ABI warns homeowners to watch out for subsidence
The UK has suffered the driest 18 months since records and with the south east and east Anglia already officially in a state of drought the Association of British Insurers (ABI) is warning home owners to be aware of the risk of subsidence.
Changing water levels in the ground can cause movement in the foundations of a building, leading to cracks in walls, floors and ceilings, and the risk of subsidence is likely to increase as we move into summer.
Subsidence can also be caused by blocked drains causing the ground to become waterlogged for a long period of time.
The ABI is advising home owners to contact their home building insurance firm at the first sign of subsidence.
Cracks wider than 5mm, doors that no longer close properly and slanted windows are all signs that a house may have suffered subsidence damage.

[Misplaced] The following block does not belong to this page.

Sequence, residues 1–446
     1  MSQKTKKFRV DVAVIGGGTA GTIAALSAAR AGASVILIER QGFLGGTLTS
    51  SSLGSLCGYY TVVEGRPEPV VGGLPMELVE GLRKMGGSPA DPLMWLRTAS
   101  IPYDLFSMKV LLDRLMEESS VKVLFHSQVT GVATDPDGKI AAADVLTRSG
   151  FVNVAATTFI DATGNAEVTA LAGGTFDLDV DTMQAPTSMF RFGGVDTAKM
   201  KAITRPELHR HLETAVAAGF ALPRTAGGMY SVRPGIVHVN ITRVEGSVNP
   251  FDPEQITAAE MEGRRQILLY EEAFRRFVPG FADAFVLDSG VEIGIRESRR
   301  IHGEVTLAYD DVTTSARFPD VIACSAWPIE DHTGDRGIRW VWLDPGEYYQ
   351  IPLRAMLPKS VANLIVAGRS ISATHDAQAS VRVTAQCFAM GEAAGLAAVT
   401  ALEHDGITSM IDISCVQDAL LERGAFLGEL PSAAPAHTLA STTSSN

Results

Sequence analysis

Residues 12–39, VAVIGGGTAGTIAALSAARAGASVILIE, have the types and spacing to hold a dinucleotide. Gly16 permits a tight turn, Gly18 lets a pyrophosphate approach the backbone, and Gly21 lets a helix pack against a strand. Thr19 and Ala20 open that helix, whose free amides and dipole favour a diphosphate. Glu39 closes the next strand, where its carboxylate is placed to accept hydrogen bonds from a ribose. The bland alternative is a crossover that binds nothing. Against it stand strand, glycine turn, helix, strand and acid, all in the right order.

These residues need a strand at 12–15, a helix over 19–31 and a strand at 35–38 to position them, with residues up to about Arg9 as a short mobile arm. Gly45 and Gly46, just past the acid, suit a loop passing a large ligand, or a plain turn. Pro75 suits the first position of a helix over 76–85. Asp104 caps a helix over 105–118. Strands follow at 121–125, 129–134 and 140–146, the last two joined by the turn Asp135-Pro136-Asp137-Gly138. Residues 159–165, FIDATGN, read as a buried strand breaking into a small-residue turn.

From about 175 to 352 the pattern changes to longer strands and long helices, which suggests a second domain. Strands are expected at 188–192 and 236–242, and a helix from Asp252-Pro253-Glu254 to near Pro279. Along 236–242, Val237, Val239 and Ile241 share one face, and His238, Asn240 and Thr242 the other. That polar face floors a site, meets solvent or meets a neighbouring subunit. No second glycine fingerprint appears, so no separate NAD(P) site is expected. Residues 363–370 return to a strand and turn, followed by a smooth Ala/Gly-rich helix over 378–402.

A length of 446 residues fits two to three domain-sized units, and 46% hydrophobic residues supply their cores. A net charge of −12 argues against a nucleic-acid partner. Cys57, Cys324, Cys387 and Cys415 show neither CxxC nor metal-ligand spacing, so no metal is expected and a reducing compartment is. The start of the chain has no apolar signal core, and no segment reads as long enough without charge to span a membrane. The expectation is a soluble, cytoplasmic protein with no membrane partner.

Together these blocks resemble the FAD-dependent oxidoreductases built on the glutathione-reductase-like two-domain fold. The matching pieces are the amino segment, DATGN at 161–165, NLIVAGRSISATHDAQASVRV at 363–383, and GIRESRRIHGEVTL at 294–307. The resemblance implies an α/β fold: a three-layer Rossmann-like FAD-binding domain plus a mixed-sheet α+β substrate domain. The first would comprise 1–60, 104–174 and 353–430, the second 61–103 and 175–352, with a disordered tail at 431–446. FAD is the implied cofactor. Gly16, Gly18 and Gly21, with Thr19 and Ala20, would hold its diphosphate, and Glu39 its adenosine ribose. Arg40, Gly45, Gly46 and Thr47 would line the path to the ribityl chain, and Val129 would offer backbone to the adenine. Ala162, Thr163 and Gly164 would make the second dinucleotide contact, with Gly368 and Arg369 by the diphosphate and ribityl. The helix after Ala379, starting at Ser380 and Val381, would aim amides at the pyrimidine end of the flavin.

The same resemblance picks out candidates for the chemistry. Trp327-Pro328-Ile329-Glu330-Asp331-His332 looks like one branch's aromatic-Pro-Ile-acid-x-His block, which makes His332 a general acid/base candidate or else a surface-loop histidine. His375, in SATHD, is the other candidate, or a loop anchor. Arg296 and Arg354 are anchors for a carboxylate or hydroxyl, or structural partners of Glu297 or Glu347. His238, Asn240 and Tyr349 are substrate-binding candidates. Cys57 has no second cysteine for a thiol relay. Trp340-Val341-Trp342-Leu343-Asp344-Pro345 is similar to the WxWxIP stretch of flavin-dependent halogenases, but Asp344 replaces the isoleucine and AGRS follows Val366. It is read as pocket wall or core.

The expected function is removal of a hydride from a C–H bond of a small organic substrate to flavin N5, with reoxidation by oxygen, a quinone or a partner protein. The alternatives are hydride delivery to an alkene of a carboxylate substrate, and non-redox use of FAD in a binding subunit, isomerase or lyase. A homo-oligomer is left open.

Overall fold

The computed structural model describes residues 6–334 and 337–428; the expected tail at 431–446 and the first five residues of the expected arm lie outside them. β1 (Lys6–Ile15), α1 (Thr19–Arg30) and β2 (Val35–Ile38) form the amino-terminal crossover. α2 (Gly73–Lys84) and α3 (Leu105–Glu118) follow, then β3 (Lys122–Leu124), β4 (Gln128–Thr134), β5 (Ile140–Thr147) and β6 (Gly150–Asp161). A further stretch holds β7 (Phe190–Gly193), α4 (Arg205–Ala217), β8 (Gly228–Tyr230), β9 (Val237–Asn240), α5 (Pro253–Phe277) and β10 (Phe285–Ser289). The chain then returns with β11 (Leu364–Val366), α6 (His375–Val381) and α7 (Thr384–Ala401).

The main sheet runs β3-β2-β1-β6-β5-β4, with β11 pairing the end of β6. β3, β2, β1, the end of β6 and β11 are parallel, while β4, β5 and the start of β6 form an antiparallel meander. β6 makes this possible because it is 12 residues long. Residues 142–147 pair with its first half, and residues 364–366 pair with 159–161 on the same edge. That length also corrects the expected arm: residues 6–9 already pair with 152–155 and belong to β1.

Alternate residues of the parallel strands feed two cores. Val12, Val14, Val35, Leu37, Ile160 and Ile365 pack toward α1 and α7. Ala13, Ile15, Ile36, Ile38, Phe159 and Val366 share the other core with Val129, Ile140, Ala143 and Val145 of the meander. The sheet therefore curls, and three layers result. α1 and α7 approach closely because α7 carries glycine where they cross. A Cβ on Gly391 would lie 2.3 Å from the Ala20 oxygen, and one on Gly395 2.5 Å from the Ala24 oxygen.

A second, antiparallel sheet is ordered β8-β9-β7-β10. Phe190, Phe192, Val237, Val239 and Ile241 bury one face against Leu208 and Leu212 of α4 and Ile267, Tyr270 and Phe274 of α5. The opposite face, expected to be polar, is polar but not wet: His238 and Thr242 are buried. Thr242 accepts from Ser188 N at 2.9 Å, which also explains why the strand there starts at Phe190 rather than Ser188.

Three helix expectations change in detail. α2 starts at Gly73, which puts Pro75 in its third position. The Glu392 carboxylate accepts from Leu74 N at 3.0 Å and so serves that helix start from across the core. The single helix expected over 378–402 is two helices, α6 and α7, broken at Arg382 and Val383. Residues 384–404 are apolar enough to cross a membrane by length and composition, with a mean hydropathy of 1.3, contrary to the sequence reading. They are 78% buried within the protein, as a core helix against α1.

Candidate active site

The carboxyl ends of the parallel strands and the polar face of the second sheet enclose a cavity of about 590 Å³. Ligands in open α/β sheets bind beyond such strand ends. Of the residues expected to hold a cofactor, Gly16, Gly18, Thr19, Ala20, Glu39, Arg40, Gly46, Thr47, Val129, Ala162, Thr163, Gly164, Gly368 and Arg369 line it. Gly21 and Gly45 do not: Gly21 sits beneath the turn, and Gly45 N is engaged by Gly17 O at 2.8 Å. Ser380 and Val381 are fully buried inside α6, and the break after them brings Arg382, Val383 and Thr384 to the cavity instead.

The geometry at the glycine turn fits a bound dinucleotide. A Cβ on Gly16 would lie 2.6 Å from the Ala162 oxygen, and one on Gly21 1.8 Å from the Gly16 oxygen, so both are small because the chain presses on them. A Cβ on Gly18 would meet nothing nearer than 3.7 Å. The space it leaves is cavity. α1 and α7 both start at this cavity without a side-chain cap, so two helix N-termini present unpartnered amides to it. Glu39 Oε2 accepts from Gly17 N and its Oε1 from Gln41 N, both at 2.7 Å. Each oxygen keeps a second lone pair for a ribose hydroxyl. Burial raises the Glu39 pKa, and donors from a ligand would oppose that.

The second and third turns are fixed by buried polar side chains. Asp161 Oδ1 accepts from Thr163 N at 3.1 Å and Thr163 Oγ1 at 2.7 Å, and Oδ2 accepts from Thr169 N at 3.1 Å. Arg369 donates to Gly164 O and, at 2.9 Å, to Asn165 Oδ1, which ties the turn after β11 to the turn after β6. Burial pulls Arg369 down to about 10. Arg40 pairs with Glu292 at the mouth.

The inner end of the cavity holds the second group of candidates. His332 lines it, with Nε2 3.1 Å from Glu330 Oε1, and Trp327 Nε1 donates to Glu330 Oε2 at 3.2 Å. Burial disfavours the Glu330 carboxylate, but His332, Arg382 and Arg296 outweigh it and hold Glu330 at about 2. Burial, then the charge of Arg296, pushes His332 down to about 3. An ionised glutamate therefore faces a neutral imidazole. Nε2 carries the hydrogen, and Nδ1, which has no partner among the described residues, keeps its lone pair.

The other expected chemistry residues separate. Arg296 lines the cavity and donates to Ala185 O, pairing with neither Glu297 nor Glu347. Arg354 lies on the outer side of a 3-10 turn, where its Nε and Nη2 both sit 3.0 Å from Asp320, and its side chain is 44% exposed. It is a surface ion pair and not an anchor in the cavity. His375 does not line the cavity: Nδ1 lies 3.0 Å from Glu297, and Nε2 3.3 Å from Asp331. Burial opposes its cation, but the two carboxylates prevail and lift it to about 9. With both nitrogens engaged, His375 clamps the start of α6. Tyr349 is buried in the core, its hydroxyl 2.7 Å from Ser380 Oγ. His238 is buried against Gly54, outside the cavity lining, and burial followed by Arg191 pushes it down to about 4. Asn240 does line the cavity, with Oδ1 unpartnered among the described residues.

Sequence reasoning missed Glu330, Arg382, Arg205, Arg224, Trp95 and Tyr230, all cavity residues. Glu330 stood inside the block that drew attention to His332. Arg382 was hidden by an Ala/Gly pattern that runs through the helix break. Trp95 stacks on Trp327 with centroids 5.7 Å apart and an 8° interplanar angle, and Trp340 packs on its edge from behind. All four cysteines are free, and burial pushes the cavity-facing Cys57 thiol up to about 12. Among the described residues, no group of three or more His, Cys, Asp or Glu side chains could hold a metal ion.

After a risk is reported, insurance firms should send out a subsidence specialist to assess the damage and arrange for repairs.
If the damage is extensive the occupants of the property may have to move out while repairs are carried, so it is well worth taking action before the problem becomes too serious.
Although subsidence is usually covered by home insurance policies, householders are likely to have to pay £1,000 for the excess fee.
Properties with a history of subsidence are likely to cost substantially more to insure.
Ongoing subsidence in a property can also cause problems if it is put up for sale as it may affect the potential purchaser’s ability to get a mortgage.
The ABI has also warned that around 200,000 UK homes are at increased risk of flooding and it could be difficult for their owners to purchase insurance cover if the government fails to build flood-control infrastructure.
An agreement between the ABI and the government in 2000 guaranteed that UK insurers would cover homes in high-risk areas where the government was planning to complete flood defences within five years.
However the government may now be unable to complete the necessary infrastructure due to lack of funds.